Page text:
Many firms employ a single designer to coordinate the brochure, web and logo production to insure a common look to the deliverables. ?Consistency of brand is important. We plan for our marketing platforms and materials to be consistent in tone, message, and appearance. They also are designed to leverage each other where possible, such as links to our web sites in our printed materials, online Event Calendars, etc.,? says Gaiss.
Beyond consistency in look, content is the key question when producing printed materials. Most marketing executives are turning to printed materials for two purposes: to add context to quarterly activities and to demonstrate expertise in a given geography or industry.
All the news that's fit to promote
Wind Point Partners does an annual general mailer to put the year's activities in the context of their investment strategy. Vanderlake explains: ?We review the transactions we completed with a focus on displaying consistency. We like to stress three critical elements in every deal: a top caliber CEO, a solid platform to build from, and a distinct plan to create value in a three- to five-year timeframe. With this, we're demonstrating our strategy and defining the types of deals we're looking for.?
In producing these newsletters, some will rely on the in-house communications staff to provide content, while others will commission freelance writers. Regardless, the look, feel and editorial focus should be approved by the partners, with the rest of the process from writing to proofing to printing under the aegis of the marketing staff. Given the lean operations of most private equity firms, it's sometimes best to outsource the writing and have the marketing executive serve as editor of the publication.
Part of the crafting of a private equity image is thought leadership. With the increasing prominence of operationally focused funds, displaying a sure grasp of an industry is vital. White papers can do a lot to demonstrate just such expertise, but they tend to be antithesis of most marketing tools; unwieldy, jargon heavy and by their very name, not terribly colorful. It's those very qualities that lend them their credibility.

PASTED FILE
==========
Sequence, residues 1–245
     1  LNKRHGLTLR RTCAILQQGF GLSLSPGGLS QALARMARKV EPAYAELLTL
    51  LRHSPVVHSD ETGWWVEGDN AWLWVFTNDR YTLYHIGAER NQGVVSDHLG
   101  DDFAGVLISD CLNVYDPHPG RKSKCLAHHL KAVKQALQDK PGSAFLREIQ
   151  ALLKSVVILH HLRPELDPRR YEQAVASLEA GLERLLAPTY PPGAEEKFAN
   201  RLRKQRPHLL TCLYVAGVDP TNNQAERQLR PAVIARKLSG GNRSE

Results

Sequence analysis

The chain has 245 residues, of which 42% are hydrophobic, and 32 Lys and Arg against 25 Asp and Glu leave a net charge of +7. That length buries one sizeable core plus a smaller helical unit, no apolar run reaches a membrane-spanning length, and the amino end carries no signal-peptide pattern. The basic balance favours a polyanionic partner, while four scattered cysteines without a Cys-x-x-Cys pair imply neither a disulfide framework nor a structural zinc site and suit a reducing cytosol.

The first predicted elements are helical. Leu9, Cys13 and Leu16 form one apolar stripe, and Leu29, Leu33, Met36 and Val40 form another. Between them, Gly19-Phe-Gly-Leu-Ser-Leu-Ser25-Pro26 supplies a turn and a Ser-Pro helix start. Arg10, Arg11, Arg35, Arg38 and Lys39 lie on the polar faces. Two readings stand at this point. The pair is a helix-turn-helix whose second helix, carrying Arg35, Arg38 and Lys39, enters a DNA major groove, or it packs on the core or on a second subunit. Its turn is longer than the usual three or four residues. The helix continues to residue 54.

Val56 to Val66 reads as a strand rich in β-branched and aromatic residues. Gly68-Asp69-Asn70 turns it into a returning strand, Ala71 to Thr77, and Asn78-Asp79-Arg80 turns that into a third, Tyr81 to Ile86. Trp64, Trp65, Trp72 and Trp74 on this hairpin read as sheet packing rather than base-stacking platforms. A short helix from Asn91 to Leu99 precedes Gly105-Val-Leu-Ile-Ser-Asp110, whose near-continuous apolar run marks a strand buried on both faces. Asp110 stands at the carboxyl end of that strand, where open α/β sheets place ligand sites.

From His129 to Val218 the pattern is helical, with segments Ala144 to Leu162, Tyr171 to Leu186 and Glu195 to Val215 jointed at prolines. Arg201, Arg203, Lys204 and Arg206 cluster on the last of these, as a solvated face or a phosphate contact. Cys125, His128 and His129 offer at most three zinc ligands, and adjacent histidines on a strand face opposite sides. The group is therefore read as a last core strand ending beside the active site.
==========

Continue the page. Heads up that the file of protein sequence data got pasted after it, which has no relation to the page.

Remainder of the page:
That doesn't mean they can't be employed with savvy. In many cases, an outside academic or analyst is commissioned to produce the piece, and returns with their findings in suitably dry form. Firms will often cherry pick certain findings and have their PR resource generate a release that summarizes a few newsworthy points. The entire white paper is then posted as a pdf on the firm's site.
One marketing executive admitted that it's more the existence of the white paper that creates that impression of expertise, rather than its actual quality. Few market participants have the time to read such a document in its entirety, but a white paper with some worthwhile conclusions can imply all the right things about a firm. Few executives suggested mass mailing these white papers, but merely dedicating suitable resources to promoting the findings.
Taking the podium at any of the leading private equity conferences can do a lot to make a GP feel among the industry's elite. However, several marketing executives explained that such events weren't a focus. Instead, GPs went to events within the industries relevant to the firm's investment strategy.
You've got to build a site with the idea that someone's traveling through the site, not simply reading pages posted online.?
?We focus on entrepreneurial venues and events in the industries that we specialize in and where we can connect directly with the founders and management of prospective portfolio companies,? says Gaiss. Speaking at energy or manufacturing conferences creates a dialogue between a GP and potential targets. The conference serves as a friendly atmosphere to demonstrate a vision of the industry as a whole, and position the firm as a collaborator with management.
?I want GPs talking to a collection of oil and gas executives, not an audience of their competitors,? says 3i's Cardoe.
In most cases, winning spots at these conferences is a matter of calling the organizer and making the case for why a partner should address their event. The unforeseen cost is in producing the slides and writing the speech. Frequently a communications staff will draft this, but it will take someone's time to write and the partner's time to polish. The only way such engagements are worthwhile is if the presentation is both substantial and compelling, and that takes some combination of time and money.
It's my party
Events wholly sponsored by the firm can be useful for sourcing as well. For example, New York private equity firm Quadrangle Group, a media specialist, hosts an annual media conference.
The best of these events need to provide a genuine value for attendees, forego chest thumping for thoughtful analysis, even if the firm is footing the bill. The branding of the event should be apparent, but low-key, with a focus on what the event will provide participants.